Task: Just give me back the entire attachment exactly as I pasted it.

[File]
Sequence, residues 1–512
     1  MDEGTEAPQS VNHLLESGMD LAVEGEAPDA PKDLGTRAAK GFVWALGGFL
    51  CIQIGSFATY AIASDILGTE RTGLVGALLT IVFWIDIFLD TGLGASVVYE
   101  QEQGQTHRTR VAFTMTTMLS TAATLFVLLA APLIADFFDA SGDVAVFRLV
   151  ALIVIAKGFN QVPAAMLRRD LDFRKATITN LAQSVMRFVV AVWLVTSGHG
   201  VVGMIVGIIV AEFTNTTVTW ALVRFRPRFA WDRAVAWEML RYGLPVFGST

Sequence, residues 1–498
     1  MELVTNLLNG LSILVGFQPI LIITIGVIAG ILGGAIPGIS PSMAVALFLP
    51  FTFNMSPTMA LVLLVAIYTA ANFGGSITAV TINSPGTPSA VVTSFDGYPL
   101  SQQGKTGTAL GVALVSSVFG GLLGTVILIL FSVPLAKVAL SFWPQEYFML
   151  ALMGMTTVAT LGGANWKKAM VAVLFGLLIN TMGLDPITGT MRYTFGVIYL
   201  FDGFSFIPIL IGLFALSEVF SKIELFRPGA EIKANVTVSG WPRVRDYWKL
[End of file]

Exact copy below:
Sequence, residues 1–512
     1  MDEGTEAPQS VNHLLESGMD LAVEGEAPDA PKDLGTRAAK GFVWALGGFL
    51  CIQIGSFATY AIASDILGTE RTGLVGALLT IVFWIDIFLD TGLGASVVYE
   101  QEQGQTHRTR VAFTMTTMLS TAATLFVLLA APLIADFFDA SGDVAVFRLV
   151  ALIVIAKGFN QVPAAMLRRD LDFRKATITN LAQSVMRFVV AVWLVTSGHG
   201  VVGMIVGIIV AEFTNTTVTW ALVRFRPRFA WDRAVAWEML RYGLPVFGST

Sequence, residues 1–498
     1  MELVTNLLNG LSILVGFQPI LIITIGVIAG ILGGAIPGIS PSMAVALFLP
    51  FTFNMSPTMA LVLLVAIYTA ANFGGSITAV TINSPGTPSA VVTSFDGYPL
   101  SQQGKTGTAL GVALVSSVFG GLLGTVILIL FSVPLAKVAL SFWPQEYFML
   151  ALMGMTTVAT LGGANWKKAM VAVLFGLLIN TMGLDPITGT MRYTFGVIYL
   201  FDGFSFIPIL IGLFALSEVF SKIELFRPGA EIKANVTVSG WPRVRDYWKL